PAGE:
var inst_near = instance_nearest(x, bbox_bottom-1, obj_3Dchunk);
if height>0 and instance_exists(inst_near)
and point_distance(x, bbox_bottom-1, inst_near.x, inst_near.y)<16
{
    with(instance_nearest(x, bbox_bottom-1, obj_3Dchunk))
    {
        obj_player.depth = depth-10;
    }
}

This means that if the player height is bigger than 0, the depth of the player is set a slightly smaller value than the depth of the nearest chunk from the bottom of the bounding box of the player. That way I make sure the player is always standing on the chunk he’s on and not vanishing behind it.


Now the player is always on top of the chunk he is standing on. It’s not perfect, though, as can be
seen when the player initially steps on the stairway.

That concludes this article, I know it was a lot, but I hope it was a bit interesting. If you have questions, let me know. I’m also very thankful for feedback, especially if you know of a better way of doing the stuff I’m trying with this prototype.

Take care, everyone!

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« Reply #2 on: December 14, 2017, 12:44:05 pm »

I'm having engine envy. What are you using to build this with? Looks beautiful.

Out of curiosity, have you read Kim Stan Robinson's Red Mars series? Sure does remind me of it.
« Last Edit: December 14, 2017, 04:03:53 pm by vga256 » Logged
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« Reply #3 on: December 14, 2017, 12:48:42 pm »

This is looking cool. You're doing this in Game Maker right? I was working on a level editor to make building these 2.5d-style levels recently funnily enough, using a similar technique to yours [link] but I never worked out how to effectively solve to whole moving 'up' stairs problem. Seems like you got it though!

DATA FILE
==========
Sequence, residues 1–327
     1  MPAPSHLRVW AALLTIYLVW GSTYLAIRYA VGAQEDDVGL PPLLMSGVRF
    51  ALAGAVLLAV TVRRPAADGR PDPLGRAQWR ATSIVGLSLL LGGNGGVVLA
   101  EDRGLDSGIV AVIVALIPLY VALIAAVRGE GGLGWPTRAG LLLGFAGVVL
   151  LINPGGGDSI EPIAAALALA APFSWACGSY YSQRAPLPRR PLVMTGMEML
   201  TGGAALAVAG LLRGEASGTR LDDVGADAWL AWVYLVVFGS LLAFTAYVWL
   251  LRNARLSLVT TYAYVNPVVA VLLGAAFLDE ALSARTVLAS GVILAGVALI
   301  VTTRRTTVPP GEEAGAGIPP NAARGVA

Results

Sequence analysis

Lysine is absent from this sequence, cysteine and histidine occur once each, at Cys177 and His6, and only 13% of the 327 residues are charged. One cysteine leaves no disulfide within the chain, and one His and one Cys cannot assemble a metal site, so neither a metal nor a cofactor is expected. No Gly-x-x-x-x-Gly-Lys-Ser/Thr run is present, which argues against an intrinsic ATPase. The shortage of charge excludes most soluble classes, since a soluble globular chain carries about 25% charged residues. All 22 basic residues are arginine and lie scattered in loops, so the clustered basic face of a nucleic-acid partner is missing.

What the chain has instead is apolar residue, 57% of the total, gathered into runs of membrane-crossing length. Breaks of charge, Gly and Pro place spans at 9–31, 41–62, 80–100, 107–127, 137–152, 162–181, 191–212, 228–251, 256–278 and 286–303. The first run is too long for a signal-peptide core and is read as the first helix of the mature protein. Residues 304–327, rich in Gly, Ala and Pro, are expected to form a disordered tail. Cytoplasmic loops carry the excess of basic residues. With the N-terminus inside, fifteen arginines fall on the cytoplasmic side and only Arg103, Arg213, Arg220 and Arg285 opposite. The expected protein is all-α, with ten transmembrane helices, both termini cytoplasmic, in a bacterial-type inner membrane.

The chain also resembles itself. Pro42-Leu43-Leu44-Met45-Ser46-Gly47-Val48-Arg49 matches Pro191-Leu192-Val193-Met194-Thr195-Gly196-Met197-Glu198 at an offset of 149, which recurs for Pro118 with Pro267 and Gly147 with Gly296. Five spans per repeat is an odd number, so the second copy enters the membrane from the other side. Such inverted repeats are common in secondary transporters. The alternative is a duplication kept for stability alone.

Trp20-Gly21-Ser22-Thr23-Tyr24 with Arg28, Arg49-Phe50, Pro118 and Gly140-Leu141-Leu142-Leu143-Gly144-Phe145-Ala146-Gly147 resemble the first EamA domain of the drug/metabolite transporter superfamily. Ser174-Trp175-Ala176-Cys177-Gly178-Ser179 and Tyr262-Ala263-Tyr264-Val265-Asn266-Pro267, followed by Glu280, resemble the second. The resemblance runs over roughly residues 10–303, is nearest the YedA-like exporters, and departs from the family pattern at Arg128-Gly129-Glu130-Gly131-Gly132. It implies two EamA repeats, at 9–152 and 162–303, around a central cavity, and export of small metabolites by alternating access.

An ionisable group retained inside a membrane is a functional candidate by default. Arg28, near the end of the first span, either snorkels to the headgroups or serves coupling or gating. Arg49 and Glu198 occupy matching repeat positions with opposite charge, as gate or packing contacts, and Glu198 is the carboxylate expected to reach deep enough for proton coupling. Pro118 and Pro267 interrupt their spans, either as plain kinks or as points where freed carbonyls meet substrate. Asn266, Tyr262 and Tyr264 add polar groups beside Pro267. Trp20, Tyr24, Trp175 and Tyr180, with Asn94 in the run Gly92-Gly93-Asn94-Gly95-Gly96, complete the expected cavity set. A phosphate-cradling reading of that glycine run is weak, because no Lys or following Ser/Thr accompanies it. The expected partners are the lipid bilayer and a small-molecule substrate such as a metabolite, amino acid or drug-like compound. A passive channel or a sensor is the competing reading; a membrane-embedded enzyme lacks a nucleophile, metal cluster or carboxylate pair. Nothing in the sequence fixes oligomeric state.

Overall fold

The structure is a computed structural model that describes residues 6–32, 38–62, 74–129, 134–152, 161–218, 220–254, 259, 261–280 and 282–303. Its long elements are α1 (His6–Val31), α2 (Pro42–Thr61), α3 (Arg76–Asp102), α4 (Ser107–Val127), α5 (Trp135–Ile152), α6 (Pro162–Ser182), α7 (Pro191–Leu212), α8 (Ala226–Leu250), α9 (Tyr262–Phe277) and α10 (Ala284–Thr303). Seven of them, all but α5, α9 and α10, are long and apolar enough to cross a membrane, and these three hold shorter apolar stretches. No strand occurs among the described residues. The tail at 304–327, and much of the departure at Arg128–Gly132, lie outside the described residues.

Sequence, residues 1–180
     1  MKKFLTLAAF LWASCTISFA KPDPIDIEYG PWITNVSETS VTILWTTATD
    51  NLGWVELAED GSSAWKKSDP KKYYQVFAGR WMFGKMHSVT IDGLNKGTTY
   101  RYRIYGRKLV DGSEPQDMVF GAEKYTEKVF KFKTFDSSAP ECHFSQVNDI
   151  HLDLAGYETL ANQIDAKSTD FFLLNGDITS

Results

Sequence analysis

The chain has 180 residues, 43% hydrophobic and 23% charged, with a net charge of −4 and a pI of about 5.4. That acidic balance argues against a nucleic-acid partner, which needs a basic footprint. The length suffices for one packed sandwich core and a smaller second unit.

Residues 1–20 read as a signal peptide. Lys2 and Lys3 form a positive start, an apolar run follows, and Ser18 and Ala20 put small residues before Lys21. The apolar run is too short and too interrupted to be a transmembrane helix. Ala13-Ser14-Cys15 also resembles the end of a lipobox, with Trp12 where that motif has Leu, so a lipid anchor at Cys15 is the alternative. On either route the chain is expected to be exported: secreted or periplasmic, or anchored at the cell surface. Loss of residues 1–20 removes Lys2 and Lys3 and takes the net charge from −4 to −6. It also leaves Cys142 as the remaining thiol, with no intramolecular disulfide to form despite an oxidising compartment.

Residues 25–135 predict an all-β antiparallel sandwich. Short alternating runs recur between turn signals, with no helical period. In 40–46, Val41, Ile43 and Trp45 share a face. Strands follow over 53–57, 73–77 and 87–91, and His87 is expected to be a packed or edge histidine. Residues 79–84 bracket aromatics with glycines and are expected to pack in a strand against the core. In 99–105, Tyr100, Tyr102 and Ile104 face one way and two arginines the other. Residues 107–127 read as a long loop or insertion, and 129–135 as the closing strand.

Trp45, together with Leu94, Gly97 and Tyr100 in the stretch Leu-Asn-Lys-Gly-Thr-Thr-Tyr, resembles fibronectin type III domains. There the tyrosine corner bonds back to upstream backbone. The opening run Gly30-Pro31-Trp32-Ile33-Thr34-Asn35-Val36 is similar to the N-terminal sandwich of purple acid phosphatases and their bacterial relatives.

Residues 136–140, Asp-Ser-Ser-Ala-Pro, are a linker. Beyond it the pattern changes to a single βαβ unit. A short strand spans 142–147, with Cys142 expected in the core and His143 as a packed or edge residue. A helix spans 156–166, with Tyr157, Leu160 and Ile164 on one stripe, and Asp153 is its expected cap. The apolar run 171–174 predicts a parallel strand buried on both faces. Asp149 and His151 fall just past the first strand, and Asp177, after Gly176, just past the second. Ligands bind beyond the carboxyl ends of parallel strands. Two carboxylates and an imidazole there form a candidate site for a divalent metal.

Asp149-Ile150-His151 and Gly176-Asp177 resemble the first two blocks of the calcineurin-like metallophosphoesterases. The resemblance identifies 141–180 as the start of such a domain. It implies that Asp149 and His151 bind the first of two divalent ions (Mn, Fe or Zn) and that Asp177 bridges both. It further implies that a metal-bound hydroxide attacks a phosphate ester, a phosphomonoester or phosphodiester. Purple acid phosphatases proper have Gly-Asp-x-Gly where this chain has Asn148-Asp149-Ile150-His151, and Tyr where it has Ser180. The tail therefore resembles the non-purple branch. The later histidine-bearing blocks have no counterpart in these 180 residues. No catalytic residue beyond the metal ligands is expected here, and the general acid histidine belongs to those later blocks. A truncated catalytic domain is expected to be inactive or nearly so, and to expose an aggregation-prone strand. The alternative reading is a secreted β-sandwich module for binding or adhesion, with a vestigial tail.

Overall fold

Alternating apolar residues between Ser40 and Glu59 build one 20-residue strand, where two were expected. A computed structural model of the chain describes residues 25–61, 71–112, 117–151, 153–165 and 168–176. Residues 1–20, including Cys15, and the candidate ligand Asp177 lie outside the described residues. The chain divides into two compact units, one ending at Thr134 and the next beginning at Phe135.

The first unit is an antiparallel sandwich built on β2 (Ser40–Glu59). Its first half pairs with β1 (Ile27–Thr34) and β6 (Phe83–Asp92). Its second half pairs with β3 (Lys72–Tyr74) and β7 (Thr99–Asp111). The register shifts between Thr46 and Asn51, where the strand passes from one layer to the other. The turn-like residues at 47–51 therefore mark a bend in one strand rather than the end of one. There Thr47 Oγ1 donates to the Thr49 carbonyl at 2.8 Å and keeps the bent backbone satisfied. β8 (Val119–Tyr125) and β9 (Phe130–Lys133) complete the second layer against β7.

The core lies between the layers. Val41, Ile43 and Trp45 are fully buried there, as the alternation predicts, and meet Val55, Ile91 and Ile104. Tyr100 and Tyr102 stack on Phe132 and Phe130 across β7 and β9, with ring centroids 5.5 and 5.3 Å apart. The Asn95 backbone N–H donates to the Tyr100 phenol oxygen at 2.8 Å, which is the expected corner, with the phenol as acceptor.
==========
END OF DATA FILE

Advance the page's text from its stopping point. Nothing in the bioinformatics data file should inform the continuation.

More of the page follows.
Will def be following this project, looks sweet :D
« Last Edit: December 14, 2017, 04:26:05 pm by Aquanoctis » Logged

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« Reply #4 on: December 14, 2017, 04:02:48 pm »

Love the look of this and the setting! :D
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« Reply #5 on: December 14, 2017, 09:02:25 pm »

I'm having engine envy. What are you using to build this with? Looks beautiful.

Out of curiosity, have you read Kim Stan Robinson's Red Mars series? Sure does remind me of it.
Thanks! I'm using Game Maker: Studio, which is great for everything 2D.
To be perfectly honest, my Mars research is almost zero at this point, so I'm thankful for suggestions. I'm aiming for a semi-realistic tone in the story, so that it does feel like Mars, but there might also be some fictional stuff to make it more interesting. Smiley

This is looking cool. You're doing this in Game Maker right? I was working on a level editor to make building these 2.5d-style levels recently funnily enough, using a similar technique to yours [link] but I never worked out how to effectively solve to whole moving 'up' stairs problem. Seems like you got it though!
Will def be following this project, looks sweet :D
Thanks, yeah, using Game Maker: Studio. Your level editor looks awesome! How did you solve the depth sorting? Stacking objects looks pretty solid in that gif you posted, I haven't seen any clipping problems. Shouldn't moving 'up' something work that way as well (I mean, isn't that the same as 'stacking' objects?)?

Love the look of this and the setting! :D
Thanks! Grin
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« Reply #6 on: December 15, 2017, 05:53:53 am »

I had to approach it in a slightly different way, because I'm moving the player through the world, rather than moving the world around the player so it's more of a getting-collisions-to-line-up-correctly-with-the-visuals sorta thing. Instead of depth = -y I'm calcuating the x,y coordinates as if they were aligned to the camera angle. I did try dynamically shifting the origin of larger objects to avoid having to cut them up into smaller chunks but that wasn't too succesful Cheesy I'm not a programmer so I'm likely overthinking it and have probably got it working and haven't realized! Considering your way seems to work so well though I might reconsider, hmmm